The debate over U.S. exports of liquefied natural gas (LNG) is kicking into high gear with the latest study by the U.S. Energy Information Administration (EIA) indicating higher natural gas prices and increased costs to energy consumers.
In its January 2012 report on “Effect of Increased Natural Gas Exports on Domestic Energy Markets,” EIA noted, “Larger export levels lead to larger domestic price increases, while rapid increases in export levels lead to large initial price increases that moderate in a few years.
“Even while consuming less, on average, consumers will see an increase in their natural gas and electricity expenditures. From 2015 to 2035, natural gas bills paid by end-use consumers in the residential, commercial and industrial sectors increase 3% to 9% over a comparable baseline case with no exports, depending on the export scenario and case, while increases in electricity bills paid by end-use customers range from 1% to 3%,” EIA stated.
The report immediately drew response from industry groups that favor exports. The Center for Liquefied Natural Gas said that the EIA report is only part of a larger picture of how LNG exports will impact the U.S. economy and does not account for increased economic activity, decreased U.S. trade deficit and increased job creation that it expects will be revealed in a forthcoming macroeconomic study.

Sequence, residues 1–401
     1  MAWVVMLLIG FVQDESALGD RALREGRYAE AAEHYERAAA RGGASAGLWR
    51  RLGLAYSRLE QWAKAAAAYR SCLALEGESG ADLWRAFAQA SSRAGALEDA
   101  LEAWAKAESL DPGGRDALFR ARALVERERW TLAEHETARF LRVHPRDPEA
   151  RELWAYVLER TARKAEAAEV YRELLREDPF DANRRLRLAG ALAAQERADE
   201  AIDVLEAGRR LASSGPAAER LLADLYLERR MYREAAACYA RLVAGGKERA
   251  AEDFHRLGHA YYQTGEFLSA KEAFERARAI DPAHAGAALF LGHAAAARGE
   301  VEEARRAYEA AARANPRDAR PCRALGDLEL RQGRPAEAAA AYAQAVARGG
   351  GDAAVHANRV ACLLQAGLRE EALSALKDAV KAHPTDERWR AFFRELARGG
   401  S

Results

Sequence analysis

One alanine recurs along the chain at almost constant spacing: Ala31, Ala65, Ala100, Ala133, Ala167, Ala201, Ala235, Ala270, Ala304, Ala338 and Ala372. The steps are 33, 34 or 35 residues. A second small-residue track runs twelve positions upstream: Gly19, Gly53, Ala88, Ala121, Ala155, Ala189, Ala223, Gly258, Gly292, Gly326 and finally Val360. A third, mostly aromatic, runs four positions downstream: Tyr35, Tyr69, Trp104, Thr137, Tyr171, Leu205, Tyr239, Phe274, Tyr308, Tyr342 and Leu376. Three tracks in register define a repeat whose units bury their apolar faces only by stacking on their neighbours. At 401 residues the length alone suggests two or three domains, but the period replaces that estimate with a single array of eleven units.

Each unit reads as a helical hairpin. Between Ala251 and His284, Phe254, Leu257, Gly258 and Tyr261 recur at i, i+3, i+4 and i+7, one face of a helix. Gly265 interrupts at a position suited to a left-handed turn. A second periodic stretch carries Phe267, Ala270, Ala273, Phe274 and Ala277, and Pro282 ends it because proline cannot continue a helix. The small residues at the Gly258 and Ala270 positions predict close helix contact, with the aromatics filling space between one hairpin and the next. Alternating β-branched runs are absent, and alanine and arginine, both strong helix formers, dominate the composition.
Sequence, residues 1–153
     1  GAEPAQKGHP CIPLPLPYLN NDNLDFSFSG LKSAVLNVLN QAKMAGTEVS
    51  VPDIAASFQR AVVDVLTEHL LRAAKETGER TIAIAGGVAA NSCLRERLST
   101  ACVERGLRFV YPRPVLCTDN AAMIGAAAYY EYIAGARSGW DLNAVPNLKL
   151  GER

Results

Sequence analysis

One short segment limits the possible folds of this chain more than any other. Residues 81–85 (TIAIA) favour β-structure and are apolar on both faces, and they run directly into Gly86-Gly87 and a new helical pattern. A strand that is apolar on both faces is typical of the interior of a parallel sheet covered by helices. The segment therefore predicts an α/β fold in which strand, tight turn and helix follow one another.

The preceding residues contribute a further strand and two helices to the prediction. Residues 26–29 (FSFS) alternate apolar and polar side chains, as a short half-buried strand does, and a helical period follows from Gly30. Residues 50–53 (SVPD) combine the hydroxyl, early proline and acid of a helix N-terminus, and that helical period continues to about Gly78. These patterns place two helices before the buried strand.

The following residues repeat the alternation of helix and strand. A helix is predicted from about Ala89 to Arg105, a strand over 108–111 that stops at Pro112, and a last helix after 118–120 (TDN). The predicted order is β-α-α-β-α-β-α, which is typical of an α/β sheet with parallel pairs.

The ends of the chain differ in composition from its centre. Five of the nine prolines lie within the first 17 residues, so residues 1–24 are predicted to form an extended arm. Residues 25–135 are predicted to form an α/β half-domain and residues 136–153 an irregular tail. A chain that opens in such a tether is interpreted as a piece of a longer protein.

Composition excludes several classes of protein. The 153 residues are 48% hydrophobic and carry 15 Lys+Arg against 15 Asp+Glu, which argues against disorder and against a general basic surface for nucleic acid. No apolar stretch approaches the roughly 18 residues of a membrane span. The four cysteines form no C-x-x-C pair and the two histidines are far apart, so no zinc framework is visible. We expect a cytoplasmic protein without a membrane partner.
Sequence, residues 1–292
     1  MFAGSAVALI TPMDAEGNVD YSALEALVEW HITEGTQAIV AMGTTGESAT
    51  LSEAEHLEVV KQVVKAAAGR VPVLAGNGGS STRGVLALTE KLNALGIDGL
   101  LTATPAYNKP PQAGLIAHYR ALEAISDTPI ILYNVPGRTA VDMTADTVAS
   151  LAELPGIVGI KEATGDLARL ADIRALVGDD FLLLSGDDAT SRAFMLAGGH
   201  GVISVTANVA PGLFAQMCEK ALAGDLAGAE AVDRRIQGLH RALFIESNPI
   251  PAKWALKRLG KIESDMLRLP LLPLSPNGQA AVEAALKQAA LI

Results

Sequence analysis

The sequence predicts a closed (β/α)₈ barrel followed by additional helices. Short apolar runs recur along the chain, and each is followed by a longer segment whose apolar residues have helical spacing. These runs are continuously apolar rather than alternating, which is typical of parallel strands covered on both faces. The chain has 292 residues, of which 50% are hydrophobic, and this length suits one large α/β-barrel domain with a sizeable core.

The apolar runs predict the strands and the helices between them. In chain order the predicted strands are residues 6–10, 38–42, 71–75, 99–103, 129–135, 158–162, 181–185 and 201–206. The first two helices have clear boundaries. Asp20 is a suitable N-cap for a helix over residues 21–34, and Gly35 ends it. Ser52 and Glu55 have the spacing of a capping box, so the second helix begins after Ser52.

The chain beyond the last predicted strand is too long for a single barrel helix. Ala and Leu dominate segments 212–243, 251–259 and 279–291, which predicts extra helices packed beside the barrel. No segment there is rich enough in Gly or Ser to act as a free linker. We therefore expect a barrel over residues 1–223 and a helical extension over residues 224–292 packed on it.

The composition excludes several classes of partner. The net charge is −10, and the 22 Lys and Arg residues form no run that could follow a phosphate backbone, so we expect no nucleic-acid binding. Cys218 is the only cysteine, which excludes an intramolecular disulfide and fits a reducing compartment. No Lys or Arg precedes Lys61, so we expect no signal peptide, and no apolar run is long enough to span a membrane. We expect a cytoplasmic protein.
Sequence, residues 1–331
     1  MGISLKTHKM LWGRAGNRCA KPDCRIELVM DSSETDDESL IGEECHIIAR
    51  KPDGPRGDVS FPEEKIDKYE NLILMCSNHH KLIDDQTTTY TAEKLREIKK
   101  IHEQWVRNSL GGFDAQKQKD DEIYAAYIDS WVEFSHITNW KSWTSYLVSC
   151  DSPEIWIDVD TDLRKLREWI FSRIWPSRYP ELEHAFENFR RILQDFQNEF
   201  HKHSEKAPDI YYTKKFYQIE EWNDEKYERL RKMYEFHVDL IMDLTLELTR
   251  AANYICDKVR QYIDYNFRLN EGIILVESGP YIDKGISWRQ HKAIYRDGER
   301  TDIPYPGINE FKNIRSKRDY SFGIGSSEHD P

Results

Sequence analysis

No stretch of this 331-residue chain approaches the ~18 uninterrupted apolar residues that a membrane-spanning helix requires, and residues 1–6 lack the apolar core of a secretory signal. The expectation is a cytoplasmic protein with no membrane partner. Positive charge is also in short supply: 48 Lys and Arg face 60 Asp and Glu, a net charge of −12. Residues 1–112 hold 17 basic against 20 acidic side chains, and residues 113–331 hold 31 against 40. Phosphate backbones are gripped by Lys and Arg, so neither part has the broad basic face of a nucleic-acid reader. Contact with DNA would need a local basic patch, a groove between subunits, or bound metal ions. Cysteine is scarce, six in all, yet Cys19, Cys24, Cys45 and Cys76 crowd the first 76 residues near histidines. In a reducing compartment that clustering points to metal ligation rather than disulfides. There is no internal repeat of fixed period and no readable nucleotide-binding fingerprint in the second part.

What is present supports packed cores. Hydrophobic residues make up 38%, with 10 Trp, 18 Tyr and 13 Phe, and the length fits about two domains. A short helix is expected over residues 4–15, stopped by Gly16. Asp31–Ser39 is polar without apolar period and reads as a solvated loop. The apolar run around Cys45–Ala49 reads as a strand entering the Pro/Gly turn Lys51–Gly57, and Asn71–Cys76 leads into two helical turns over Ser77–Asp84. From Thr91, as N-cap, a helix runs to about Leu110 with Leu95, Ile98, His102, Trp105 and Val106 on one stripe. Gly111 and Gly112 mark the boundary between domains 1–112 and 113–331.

The Department of Energy 's (DOE’s) Office of Fossil Energy requested the EIA report last year as part of its assessment of the impact of Lower 48 LNG exports. The agency also requested a third-party evaluation of the macroeconomic effects of exports, which is expected during the first quarter 2012.
"The EIA study is just a part of the overall analysis on the economic effects of natural gas exports," said Bill Cooper, president, Center for Liquefied Natural Gas. "The third-party report will provide a more complete economic picture by focusing on the broader macroeconomic effects, which we believe will be positive.”
"With a 100-year supply of natural gas and more supplies being discovered in new resource areas, the United States is well positioned to meet both the domestic needs of our country and to provide clean burning natural gas to new markets,” he continued.
Paul Cicio , president, Industrial Energy Consumers of America , lauded the study. “By anyone’s measure, these are substantial cost increases. The DOE has the responsibility to protect the interest of the public in this matter and the